South Florida Business & Wealth: “A Cut Above”

set of colorful barber chairs

A Cut Above

At the Spot Barbershops, haircuts are the stuff of entrepreneurial dreams

When men walk into the Spot Barbershops for a haircut, most take a seat at a barlike counter and chill with a cocktail—on the house. As they down a little rum, vodka or whiskey while waiting their turn for a cut, they might do some friendly sparring about a hot topic, or glue their eyes on some big game on a flat-screen TV on the wall. A few browse a small library with books for sale.

“It’s like when you have visitors in your house. You make them feel comfortable,” says co-founder Fredis Perdomo, explaining his company’s upscale twist on the standard barbershop. And the men in the chairs are never customers or even clients; they’re guests.

barber cutting her client's hair

Fredis and his older brother, co-founder Juan Carlos, opened the first Spot in Little Havana in 2001 and just unveiled the 16th in Miami Lakes in August. All of the shops are in the Miami area, except for one in Fort Lauderdale, but the brothers have ambitious expansion plans fueled by a franchising program launched this year. They estimate there will be 100 Spots by 2023, including in other Florida cities and outside the state.

Fredis, the barber of the two, is already thinking even bigger: “We work the vision day in and day out, and our attitude is that we’re not done with the product. We’re not getting comfortable because my dreams aren’t over yet—I want to go global.”The 38-year-old started cutting hair out of his Little Havana house at age 14 and has never put down his shears. Driven by passion, he still does up to six cuts a week, despite the demands of running a growing operation. “I like the art of it,” he says. “I like making people feel better about themselves, because that’s what a haircut does. It’s a sense of relief for them.”

The first four Spots were modest and in lower-income neighborhoods, but Fredis envisioned tonier shops in more affluent areas from the get-go. “I always had dreams of going high-end,” he explains. “Putting lawyers and doctors and entrepreneurs in our chairs was always in the back of my mind.”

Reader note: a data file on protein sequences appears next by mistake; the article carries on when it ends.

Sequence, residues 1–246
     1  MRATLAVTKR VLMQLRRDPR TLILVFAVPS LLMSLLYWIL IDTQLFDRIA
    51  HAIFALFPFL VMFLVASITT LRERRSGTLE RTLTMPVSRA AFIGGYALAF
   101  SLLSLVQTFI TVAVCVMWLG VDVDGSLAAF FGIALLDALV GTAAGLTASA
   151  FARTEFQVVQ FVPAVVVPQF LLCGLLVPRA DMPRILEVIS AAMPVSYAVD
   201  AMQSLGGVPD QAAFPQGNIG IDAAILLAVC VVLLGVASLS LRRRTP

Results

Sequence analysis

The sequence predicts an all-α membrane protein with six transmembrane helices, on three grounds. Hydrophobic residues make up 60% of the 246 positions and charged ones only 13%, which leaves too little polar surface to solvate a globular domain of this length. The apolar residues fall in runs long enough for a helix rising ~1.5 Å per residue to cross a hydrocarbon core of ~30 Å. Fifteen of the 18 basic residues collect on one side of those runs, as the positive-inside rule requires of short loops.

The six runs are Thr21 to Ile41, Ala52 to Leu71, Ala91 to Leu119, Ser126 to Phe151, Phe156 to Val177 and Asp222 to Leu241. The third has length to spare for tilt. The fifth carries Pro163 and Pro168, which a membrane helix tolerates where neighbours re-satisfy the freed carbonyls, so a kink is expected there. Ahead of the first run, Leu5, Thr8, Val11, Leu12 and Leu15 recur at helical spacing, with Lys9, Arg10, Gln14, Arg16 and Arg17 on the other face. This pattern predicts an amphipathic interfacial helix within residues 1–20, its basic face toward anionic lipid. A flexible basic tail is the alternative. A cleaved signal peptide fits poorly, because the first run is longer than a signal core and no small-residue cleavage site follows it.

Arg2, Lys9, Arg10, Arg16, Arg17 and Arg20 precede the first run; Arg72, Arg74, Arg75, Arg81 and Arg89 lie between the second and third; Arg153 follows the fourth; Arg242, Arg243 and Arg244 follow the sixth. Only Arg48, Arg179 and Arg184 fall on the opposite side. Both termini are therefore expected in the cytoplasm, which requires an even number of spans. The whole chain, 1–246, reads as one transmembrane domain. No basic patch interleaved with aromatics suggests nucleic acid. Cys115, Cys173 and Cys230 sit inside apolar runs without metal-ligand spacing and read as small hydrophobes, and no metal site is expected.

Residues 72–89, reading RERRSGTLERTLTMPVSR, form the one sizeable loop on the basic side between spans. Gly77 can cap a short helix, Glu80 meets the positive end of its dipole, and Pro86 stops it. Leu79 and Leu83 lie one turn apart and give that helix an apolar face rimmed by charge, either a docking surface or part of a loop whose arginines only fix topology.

The professional class does come now, and not just for free booze and good reads, but also for the personal service the brothers consider paramount. The Spot is not the hair equivalent of fast food; appointments typically last from 30 minutes to an hour, ending with a shoulder massage. “We treat them like royalty. We make them feel pampered and appreciated,” Fredis says. “Most barbershops rush you. They sit you down, do the cut, then want you out of there.”

Besides haircuts, guests can get hot towel shaves; ear, eyebrow and nose waxes; beard and mustache trims and sculpting; manicures; and a Black Mask, an exfoliating treatment touted as drawing out skin impurities. Coming next year: facials. Prices range from $15 to $40, with a haircut going for $32. A package bundling several services will set you back $115.

Plus, there’s the lure of the eclectic, cinematic atmosphere. No two shops are carbon copies, but they all mix a contemporary industrial look (exposed brick walls and high ceilings with exposed pipes) with an old-school vibe—think old-fashioned metal pendant lights and vintage décor elements: old motorcycles, car parts, adding machines.

Authentic barber chairs from the 1930s and ’40s salvaged from around the country line the floor. “I’ve collected vintage chairs since I was 19,” Fredis says. “I’m drawn to vintage things because human beings made them to last.”

With the Spot Barbershops soon turning 20, the two brothers have created a concept with staying power. That’s what dreaming big will get you. Bold “God is Good” signs in the shops encourage their newly trimmed guests to think big, too. “It’s a positive message to never give up your faith, to follow your dreams,” Fredis says. “Everyone wants that assurance.”